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Becoming a Born-Again Believer in Caring for the Environment

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In the 60s I was a student on a university campus along with thousands of other baby boomers. Everything was in cultural flux and our generation was confused, scared, angry, opinionated and passionate. We not only wanted change, we demanded it. We were wrapped up in a ruthless war that no one seemed to understand, our president was being exposed for dishonesty and our environment was showing signs of becoming non-sustainable. We were looking for meaning and truth - but most of all we wanted authenticity.

During that time, thousands of us found our answer not through religion, but instead through an authentic faith in Christ. History later referred to us as the Jesus Movement; a movement of young Bible-believing, non-denominational evangelicals. We put our faith and hope in God and we were no longer angry or scared - although still very opinionated and passionate, just about different things. Unfortunately our passion for the environment was lost in a new focus on the second coming of Christ. Today, the things we once feared as young seekers are now happening: the world population has doubled and the natural resources of fresh water, soil, air and sources of energy have begun to wane. The extinction rate of endangered species has escalated and even the global climate has started to change, threatening the future of our planet.

I am a Christian; and not just a Sunday Christian, but a passionate evangelical Christian pastor of a thriving church. I believe in the Bible with all of my heart and have diligently tried to mold my life around its truths. I believe that Jesus is coming again but sincerely can't claim to know when. I believe that his Kingdom (that is, the Kingdom of God) has come to earth as it is in heaven. I believe that it came because of his ultimate sacrifice on the cross for mankind. I believe that he has called his people to stewardship in his kingdom; to care for the people he loves, specifically the poor and broken, and for the earth that he lovingly created. I believe that this responsibility is not just a suggestion but a commission and a mandate without option.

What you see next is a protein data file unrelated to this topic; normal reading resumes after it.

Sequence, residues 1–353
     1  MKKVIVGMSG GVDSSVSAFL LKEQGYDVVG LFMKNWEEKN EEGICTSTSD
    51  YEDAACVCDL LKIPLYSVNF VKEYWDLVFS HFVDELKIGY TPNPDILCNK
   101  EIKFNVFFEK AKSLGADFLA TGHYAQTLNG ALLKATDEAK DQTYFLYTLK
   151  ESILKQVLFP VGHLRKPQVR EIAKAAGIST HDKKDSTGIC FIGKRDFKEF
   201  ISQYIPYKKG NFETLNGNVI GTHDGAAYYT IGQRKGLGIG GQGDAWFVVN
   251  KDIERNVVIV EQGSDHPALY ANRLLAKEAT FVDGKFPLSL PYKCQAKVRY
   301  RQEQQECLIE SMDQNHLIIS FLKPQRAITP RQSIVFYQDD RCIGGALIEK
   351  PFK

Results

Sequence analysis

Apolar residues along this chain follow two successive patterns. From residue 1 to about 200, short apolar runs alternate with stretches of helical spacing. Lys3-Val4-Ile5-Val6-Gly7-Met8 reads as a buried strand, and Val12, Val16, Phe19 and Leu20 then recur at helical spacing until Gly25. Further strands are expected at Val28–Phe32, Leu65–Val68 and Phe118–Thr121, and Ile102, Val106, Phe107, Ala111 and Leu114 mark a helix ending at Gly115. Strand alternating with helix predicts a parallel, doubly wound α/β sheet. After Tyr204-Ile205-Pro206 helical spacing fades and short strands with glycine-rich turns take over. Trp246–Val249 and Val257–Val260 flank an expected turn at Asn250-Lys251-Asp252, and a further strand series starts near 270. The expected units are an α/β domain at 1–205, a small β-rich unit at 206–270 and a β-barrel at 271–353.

As a committed student and Bible teacher I have read and taught the story of the flood numerous times, always seeing it the same way until one morning in 2005. The Bible is an amazing book and it has a miraculous characteristic. You can read it over and over again and never get tired of it, always extracting something different with each reading. God has a way of illuminating new understanding to his never-changing truths.

As I read Genesis 9 that morning, the Lord began to reveal something that I'd never seen before. In this portion of scripture, it tells of God's covenant with Noah to never again destroy the whole earth with a flood. God said, "I establish my covenant with you: Never again will all life be cut off by the waters of a flood; never again will there be a flood to destroy the earth." (Genesis 9:11) As I carefully examined the passage I realized for the first time that God's covenant was not made between God and Noah or even God and man, but between God and his entire creation.